Objections of the Child to a Return – Art. 13(2)
The father argued that B and D had attained an age and degree of maturity at which it is appropriate to take account of their views, and that they objected to being returned to the state of their habitual residence even though their objections primarily focused on specific circumstances or domestic violence that occurred in that state.
It ought to be considered, however, that the Child Abduction Convention is based on the idea that promptly returning abducted children to the state of their prior habitual residence serves their best interests. This is because, first, a cross-border abduction is deemed to have harmful effects on the children by forcing them to live under a different language or in a different cultural environment and, second, disputes over custody on the merits ought to be determined in the state of their habitual residence where they are socially embedded. Thus, the children’s views to be considered pursuant to Art 28(1) No 5 of the Implementation Act are not geared toward their opinions on the individual circumstances ― such as particular situations or domestic violence ― that occurred in the state of their habitual residence, but rather toward the question of ?whether the children object to being returned to their state of habitual residence?.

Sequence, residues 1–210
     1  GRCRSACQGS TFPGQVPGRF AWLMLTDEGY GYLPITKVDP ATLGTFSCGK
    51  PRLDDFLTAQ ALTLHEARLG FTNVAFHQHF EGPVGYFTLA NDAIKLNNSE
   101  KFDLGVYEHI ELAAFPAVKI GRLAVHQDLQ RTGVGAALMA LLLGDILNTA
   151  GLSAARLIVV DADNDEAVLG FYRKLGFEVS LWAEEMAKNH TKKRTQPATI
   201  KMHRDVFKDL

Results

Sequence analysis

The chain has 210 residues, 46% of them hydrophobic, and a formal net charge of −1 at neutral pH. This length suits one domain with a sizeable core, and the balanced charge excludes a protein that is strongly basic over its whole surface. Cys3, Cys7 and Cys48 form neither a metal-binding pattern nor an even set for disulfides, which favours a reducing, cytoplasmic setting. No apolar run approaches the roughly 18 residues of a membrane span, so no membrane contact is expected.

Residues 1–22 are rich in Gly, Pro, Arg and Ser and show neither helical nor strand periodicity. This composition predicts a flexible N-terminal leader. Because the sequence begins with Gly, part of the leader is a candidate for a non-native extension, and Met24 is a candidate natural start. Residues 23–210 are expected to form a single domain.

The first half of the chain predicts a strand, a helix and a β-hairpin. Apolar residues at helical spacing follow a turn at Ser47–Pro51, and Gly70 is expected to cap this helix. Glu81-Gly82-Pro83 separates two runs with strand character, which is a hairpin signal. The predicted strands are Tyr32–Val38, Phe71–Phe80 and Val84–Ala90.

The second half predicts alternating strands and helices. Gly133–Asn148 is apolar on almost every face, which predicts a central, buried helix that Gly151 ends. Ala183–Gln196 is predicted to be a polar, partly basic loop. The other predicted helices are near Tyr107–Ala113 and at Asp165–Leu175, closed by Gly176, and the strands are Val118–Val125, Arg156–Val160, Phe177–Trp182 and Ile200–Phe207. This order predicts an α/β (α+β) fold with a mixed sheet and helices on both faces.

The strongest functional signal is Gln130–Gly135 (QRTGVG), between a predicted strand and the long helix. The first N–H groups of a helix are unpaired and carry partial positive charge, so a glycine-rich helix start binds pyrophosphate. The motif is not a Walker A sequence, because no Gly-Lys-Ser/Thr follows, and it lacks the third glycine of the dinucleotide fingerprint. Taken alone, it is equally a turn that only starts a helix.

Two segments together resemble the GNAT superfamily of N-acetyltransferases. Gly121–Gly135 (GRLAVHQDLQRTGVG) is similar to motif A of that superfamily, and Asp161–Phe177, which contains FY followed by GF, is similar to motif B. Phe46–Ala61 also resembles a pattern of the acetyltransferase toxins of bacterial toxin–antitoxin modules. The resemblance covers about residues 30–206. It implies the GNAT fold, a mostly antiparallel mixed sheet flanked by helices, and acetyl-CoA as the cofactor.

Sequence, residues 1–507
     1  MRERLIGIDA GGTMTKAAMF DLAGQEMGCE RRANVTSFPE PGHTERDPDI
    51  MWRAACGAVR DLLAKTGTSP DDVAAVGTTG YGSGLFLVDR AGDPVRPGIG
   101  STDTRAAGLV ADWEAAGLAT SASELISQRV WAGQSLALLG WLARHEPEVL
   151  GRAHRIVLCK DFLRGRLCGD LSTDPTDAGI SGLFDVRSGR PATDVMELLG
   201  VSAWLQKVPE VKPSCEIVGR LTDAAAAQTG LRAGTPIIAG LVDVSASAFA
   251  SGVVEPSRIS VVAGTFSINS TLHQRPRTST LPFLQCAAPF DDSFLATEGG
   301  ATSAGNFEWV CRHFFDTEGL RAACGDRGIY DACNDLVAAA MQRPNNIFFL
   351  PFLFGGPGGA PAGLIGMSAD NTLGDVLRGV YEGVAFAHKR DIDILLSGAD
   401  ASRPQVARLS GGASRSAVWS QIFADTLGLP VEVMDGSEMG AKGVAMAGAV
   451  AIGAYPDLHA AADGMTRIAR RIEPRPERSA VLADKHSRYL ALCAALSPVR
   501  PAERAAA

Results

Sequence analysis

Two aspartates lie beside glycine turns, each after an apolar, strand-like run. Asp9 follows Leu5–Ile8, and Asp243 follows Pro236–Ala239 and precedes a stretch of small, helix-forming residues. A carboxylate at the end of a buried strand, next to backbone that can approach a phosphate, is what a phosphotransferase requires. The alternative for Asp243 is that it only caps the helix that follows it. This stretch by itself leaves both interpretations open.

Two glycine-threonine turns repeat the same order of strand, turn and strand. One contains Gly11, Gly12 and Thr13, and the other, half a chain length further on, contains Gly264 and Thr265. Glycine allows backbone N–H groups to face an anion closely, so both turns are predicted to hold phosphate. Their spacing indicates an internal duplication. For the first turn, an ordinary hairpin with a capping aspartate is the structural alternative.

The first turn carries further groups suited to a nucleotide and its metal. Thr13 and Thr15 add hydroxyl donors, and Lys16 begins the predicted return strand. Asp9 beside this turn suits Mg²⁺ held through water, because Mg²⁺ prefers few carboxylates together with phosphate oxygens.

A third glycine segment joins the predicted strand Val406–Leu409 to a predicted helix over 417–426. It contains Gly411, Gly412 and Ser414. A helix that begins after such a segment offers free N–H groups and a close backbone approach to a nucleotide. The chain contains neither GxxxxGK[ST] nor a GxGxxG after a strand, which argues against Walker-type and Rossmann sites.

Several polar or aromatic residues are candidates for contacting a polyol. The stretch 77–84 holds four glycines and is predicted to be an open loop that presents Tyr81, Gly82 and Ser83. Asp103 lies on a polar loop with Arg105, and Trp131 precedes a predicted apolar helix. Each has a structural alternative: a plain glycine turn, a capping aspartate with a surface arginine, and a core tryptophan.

In the underlying case, neither B nor D can be held to object in this sense to being returned to the United States. Even if B were mature enough to have his views heard, separating B from the other siblings and letting only B stay in Japan would entail a grave risk of causing harm to B. Given that B would presumably be sufficiently protected after return with the assistance of the Department of Human Services (DHS), the courts and other institutions in the United States, ordering the return of the children serves B’s interests.
Grave Risk – Art. 13(1)(b)
The father asserts that there is a grave risk of causing harm to the children by returning them to the United States under Art 28(1) No 4 of the Implementation Act.
However, the factors indicated by the father do not suffice to justify his allegations. First, the mother has a good chance to obtain a visa to legally stay in the United States, enabling her to take care of the children properly. Second, though the eldest child G once had fight with B and caused a bruise at B’s leg, there is no evidence that G caused injuries to B otherwise or continuously, nor did the fight in the past go beyond a usual sibling quarrel. Third, there is no evidence that return would cause psychological harm to the children.
Author: Prof. Yuko Nishitani